I Asked My Boyfriend The NY Times' '36 Questions For Love'
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I Asked My Boyfriend The NY Times' '36 Questions For Love' And I Highly Recommend You Do The Same

If you're in a relationship, you need to try this ASAP.

couple on a date drinking coffee at table

In a viral article by the New York Times, it talks about this study that shows how these thirty-six questions can accelerate intimacy and bring two people closer. The set of questions is broken up into three parts, each part getting deeper and more intense. The questions first start pretty basic. Then, it goes into depth about family, background, and even thoughts about life and death. There is also a series on YouTube that experiments with these questions. In the "Tea for Two" series by Jubilee, two strangers are brought together to try this challenge in an attempt to see if it really fosters a connection.

After reading the article and becoming more intrigued by the results, I tried it with my boyfriend, who I've been with for a few weeks now. Although we are very close and know pretty much everything about each other, I still wanted to give it a shot. My boyfriend and I always take turns asking each other random questions in our free time anyway, so it was nice not having to come up with something to ask and having this set list. Sitting in a parked car, we began the experiment.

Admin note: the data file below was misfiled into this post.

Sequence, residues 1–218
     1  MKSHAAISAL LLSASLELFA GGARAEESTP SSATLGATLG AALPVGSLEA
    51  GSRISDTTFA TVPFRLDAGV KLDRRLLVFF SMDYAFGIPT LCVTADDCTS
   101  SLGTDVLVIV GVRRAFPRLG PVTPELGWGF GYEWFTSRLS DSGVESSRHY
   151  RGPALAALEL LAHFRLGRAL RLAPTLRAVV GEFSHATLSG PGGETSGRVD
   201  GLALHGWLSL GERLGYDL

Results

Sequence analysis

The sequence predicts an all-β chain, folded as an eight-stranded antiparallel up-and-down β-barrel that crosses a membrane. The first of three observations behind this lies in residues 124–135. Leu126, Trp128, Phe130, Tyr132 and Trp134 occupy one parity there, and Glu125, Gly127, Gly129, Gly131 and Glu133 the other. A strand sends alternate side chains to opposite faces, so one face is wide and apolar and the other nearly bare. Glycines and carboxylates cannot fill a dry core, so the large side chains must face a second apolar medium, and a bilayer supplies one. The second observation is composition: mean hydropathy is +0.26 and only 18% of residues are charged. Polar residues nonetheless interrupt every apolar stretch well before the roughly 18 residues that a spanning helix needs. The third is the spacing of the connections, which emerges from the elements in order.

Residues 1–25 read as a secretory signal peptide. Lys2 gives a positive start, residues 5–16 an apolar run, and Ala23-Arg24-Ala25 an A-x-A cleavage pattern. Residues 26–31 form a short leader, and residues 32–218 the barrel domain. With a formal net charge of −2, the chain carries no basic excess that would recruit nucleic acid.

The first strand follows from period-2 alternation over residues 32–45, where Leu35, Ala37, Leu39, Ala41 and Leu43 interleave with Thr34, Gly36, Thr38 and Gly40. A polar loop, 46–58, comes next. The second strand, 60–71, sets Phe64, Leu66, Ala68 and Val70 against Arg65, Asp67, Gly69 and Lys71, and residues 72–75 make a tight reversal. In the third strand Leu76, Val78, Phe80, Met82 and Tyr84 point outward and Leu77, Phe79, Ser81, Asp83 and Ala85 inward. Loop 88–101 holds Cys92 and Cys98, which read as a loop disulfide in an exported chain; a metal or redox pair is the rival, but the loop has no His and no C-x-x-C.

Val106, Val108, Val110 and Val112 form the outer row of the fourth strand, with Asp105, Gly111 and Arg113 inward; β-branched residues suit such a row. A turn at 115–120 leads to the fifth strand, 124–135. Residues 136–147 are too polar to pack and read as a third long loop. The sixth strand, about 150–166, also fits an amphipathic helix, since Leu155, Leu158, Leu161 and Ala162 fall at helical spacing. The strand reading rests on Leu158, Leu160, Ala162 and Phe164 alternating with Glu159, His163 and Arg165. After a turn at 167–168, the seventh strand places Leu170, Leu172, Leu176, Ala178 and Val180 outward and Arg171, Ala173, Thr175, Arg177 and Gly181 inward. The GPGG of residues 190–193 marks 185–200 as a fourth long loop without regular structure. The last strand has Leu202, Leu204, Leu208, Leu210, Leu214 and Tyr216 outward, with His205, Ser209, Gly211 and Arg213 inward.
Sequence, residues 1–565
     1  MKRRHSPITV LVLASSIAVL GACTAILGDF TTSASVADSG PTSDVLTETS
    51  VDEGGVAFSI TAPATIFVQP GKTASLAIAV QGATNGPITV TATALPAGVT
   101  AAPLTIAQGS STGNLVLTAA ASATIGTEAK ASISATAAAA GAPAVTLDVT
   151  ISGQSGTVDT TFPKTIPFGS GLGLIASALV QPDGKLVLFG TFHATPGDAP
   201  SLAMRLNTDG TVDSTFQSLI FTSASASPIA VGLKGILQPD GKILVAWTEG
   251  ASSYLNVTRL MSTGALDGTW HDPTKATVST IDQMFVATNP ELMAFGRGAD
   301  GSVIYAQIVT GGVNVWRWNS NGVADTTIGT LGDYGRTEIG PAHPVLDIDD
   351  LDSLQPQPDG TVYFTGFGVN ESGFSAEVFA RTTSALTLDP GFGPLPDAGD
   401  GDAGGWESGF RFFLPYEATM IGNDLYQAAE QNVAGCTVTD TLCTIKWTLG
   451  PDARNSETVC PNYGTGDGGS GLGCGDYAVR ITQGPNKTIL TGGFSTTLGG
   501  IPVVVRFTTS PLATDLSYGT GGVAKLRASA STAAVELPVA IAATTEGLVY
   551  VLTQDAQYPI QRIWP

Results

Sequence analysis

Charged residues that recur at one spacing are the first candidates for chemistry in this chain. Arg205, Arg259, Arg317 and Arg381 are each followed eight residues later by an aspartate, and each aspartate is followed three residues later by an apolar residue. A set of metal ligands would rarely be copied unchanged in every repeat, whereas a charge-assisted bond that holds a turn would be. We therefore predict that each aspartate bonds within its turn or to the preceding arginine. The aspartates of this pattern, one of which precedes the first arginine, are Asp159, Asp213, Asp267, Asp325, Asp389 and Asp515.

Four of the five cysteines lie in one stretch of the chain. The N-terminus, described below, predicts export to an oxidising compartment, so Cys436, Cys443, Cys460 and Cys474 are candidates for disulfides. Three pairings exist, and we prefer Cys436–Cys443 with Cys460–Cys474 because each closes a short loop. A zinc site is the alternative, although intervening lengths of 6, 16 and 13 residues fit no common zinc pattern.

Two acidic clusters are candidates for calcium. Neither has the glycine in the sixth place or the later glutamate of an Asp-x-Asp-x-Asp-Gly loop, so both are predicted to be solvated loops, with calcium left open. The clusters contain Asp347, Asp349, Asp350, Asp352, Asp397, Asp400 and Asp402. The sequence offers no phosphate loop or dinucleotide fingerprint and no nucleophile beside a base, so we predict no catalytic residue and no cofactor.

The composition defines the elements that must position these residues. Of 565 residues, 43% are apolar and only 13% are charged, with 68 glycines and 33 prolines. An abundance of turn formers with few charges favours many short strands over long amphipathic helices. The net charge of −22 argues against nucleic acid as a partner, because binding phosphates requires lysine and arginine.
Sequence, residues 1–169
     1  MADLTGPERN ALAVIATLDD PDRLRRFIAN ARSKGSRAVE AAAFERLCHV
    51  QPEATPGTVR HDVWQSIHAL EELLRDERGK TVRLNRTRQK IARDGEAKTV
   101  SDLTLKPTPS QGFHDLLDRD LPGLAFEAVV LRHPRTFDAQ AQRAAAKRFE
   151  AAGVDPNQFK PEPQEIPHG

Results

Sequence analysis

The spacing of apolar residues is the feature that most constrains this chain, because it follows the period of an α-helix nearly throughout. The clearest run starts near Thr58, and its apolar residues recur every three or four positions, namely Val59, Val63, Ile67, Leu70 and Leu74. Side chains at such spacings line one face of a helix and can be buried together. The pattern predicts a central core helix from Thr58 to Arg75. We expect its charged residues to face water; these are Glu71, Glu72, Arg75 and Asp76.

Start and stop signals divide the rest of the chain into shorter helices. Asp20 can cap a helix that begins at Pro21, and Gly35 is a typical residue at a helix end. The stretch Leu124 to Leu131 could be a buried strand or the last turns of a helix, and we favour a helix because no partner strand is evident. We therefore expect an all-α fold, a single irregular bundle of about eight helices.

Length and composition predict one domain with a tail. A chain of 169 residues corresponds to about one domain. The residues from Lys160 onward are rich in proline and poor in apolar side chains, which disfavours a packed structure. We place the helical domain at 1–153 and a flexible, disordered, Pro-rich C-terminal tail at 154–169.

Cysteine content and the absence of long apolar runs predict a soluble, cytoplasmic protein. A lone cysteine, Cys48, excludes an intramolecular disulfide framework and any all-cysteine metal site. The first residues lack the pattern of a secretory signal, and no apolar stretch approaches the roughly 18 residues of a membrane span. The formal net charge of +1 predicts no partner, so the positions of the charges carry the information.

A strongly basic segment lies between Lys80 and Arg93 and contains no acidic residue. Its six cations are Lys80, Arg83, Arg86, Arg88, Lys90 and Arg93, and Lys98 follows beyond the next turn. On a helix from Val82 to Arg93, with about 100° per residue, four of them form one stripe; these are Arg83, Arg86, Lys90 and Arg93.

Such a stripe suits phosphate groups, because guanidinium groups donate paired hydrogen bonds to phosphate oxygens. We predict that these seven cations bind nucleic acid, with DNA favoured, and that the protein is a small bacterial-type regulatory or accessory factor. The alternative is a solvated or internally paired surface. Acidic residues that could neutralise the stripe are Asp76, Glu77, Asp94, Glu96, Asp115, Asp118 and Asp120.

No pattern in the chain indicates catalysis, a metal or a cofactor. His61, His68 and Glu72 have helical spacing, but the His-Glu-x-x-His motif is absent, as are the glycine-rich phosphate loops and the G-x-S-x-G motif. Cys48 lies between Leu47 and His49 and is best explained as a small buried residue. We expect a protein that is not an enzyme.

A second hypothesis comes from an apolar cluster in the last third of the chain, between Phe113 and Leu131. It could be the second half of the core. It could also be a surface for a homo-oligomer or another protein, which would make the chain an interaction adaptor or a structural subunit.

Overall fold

According to the study done on this, you are supposed to spend at least 15 minutes on each question. In my experience, we didn't. Some of the questions took a minute or two because they were pretty basic. But as we got deeper into the sets, the questions sparked other topics of conversation. I learned a lot about him that night — his views, how he thought. It definitely did bring us closer and made it so we were able to understand each others' functionalities. I think communication is key in a relationship. I don't like having too much room for assumptions and questioning.

Doing this experiment allows you to understand your partner emotionally and mentally. You become more aware of their mindset and personality. You can recognize their priorities. After a while, some of the questions became repetitive. For example, "Share XX things you and your partner have in common," or "What do you like about your partner?" To be completely honest, we skipped them after seeing them several times.

One of the questions, number 27, asked, "If you were going to become a close friend with your partner, please share what would be important for them to know." My boyfriend and I discussed qualities and tendencies about ourselves that we wanted each other to be aware of, for future reference. For example, one of our answers was, "I am very sensitive sometimes. I tend to remember things that people say to me." I think this is a very important question because you really need to know how the other person is in a relationship, just in case something were to happen.

At the end of the questions, there is this segment where you are supposed to make direct eye contact with your partner for four minutes. Since we ran out of time, we didn't get to complete this part. But let's be honest, I look at my boyfriend enough.

In conclusion, I think all couples should try this. It really does help emphasize that emotional and mental connection that should be there in a relationship. You can find the interactive version of these questions here. Have fun!

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This article has not been reviewed by Odyssey HQ and solely reflects the ideas and opinions of the creator.

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